William C. Swope

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To meet the challenge of modeling the conformational dynamics of biological macromolecules over long time scales, much recent effort has been devoted to constructing stochastic kinetic models, often in the form of discrete-state Markov models, from short molecular dynamics simulations. To construct useful models that faithfully represent dynamics at the(More)
Replica-exchange molecular dynamics simulations in implicit solvent have been carried out to study the folding thermodynamics of a designed 20-residue peptide, or "miniprotein." The simulations in this study used the amber (parm94) force field along with the generalized Born/solvent-accessible surface area implicit solvent model, and they spanned a range of(More)
A re-parameterization of the standard TIP4P water model for use with Ewald techniques is introduced, providing an overall global improvement in water properties relative to several popular nonpolarizable and polarizable water potentials. Using high precision simulations, and careful application of standard analytical corrections, we show that the new(More)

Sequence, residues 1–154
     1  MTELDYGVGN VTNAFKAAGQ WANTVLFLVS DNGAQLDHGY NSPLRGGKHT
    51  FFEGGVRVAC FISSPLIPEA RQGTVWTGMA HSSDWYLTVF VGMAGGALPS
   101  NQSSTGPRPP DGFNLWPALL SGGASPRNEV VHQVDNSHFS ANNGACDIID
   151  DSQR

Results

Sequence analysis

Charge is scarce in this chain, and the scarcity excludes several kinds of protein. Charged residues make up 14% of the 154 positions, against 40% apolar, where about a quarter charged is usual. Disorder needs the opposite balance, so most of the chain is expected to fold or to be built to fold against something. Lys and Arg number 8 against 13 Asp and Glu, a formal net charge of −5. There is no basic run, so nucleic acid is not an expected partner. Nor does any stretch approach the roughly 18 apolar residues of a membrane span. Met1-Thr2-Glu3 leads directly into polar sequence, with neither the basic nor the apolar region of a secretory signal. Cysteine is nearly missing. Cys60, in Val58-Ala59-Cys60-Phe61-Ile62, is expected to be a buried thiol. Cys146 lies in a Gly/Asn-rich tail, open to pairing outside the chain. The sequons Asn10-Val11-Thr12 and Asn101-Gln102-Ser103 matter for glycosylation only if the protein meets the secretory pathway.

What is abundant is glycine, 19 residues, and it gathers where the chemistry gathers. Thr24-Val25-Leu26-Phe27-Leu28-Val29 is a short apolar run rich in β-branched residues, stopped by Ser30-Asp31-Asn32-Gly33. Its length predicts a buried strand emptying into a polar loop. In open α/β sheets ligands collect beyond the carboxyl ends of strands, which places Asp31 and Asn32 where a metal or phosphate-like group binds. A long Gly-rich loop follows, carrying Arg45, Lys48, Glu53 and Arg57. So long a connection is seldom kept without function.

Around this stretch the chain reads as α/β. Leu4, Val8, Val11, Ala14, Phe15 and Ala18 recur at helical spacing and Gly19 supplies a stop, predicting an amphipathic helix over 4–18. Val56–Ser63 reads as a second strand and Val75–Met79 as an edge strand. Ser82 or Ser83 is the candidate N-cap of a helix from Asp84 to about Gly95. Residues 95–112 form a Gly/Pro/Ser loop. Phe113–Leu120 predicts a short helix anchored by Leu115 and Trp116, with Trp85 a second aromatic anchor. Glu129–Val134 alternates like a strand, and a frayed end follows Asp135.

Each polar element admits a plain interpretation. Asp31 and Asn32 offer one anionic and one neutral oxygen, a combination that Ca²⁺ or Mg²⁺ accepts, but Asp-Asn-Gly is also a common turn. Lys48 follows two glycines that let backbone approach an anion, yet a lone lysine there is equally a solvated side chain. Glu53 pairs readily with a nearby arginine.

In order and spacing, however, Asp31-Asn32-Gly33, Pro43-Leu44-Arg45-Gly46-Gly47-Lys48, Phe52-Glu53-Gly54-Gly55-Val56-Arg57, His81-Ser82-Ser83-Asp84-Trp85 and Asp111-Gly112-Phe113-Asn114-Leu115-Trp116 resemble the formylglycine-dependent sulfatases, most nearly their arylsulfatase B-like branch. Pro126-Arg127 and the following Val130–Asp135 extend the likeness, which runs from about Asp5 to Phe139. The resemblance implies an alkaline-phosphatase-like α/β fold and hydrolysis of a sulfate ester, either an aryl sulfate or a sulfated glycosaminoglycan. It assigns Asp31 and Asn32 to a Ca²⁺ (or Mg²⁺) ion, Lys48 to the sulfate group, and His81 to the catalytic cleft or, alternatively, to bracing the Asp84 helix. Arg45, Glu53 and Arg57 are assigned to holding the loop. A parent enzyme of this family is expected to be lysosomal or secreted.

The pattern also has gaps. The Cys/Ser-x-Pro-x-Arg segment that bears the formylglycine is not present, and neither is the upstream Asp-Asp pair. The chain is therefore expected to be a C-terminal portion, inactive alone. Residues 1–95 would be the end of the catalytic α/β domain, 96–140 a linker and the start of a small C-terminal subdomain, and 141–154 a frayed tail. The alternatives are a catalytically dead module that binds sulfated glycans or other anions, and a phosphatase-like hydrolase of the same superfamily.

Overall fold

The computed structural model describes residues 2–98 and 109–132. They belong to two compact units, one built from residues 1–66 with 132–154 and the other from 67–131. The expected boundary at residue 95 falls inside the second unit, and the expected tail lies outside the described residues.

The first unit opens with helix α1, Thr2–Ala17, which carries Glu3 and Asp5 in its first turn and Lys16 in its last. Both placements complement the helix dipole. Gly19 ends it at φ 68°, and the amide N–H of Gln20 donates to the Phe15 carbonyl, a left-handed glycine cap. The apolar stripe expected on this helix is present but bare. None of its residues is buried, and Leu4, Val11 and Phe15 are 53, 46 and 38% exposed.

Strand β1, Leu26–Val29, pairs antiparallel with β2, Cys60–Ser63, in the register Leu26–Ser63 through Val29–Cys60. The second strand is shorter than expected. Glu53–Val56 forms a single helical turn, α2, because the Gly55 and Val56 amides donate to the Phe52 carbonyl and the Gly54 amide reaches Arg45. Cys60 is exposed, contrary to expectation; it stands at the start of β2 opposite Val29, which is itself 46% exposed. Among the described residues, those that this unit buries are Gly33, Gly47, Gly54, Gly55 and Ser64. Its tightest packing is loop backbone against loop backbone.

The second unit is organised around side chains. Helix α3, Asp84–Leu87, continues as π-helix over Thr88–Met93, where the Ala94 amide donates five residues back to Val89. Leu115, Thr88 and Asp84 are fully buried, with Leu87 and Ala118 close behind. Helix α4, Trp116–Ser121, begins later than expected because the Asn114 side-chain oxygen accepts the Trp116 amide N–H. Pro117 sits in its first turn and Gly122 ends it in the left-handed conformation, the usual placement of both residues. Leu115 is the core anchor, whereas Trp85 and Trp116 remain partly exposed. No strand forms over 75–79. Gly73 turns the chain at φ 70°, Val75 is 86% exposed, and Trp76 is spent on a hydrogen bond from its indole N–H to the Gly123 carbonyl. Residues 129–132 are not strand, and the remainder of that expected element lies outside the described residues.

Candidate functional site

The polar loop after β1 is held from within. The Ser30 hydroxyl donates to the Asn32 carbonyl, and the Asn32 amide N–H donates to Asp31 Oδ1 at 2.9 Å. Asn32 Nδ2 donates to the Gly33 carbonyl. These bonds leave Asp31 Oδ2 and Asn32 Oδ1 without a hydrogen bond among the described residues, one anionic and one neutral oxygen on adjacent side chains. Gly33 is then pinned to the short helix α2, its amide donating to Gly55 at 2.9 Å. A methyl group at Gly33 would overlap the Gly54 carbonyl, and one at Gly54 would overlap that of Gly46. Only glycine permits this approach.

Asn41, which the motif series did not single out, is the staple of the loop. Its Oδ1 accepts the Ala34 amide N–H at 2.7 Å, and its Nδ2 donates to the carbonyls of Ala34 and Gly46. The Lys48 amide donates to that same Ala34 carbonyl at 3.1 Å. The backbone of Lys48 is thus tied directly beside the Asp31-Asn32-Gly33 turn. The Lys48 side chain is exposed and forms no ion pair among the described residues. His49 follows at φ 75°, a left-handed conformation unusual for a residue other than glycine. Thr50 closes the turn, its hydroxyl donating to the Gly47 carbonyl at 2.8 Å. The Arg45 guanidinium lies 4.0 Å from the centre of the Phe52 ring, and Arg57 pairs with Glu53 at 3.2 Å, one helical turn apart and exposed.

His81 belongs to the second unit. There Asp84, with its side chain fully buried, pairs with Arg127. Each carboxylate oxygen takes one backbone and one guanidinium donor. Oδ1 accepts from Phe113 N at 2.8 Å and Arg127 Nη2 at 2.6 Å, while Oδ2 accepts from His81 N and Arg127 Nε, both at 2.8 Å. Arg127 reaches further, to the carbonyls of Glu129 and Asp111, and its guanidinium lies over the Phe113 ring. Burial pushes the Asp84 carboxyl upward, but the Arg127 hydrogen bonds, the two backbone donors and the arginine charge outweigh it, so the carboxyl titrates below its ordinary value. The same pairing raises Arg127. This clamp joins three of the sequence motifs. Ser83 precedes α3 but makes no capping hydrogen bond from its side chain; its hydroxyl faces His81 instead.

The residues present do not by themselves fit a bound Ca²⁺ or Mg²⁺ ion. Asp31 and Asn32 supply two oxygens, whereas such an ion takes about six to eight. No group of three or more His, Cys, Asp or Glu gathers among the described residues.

A rigorous formalism for the extraction of state-to-state transition functions from a Boltzmann-weighted ensemble of microcanonical molecular dynamics simulations has been developed as a way to study the kinetics of protein folding in the context of a Markov chain. Analysis of these transition functions for signatures of Markovian behavior is described. The(More)
Protein folding involves physical timescales—microseconds to seconds—that are too long to be studied directly by straightforward molecular dynamics simulation, where the fundamental timestep is constrained to femtoseconds. Here we show how the long-time statistical dynamics of a simple solvated biomolecular system can be well described by a discrete-state(More)
This paper presents strong scaling performance data for the Blue Matter molecular dynamics framework using a novel n-body spatial decomposition and a collective communications technique implemented on both MPI and low level hardware interfaces. Using Blue Matter on Blue Gene/L, we have measured scalability through 16,384 nodes with measured time per(More)
by the IBM Blue Gene team: F. Allen, G. Almasi, W. Andreoni, D. Beece, B. J. Berne, A. Bright, J. Brunheroto, C. Cascaval, J. Castanos, P. Coteus, P. Crumley, A. Curioni, M. Denneau, W. Donath, M. Eleftheriou, B. Fitch, B. Fleischer, C. J. Georgiou, R. Germain, M. Giampapa, D. Gresh, M. Gupta, R. Haring, H. Ho, P. Hochschild, S. Hummel, T. Jonas, D. Lieber,(More)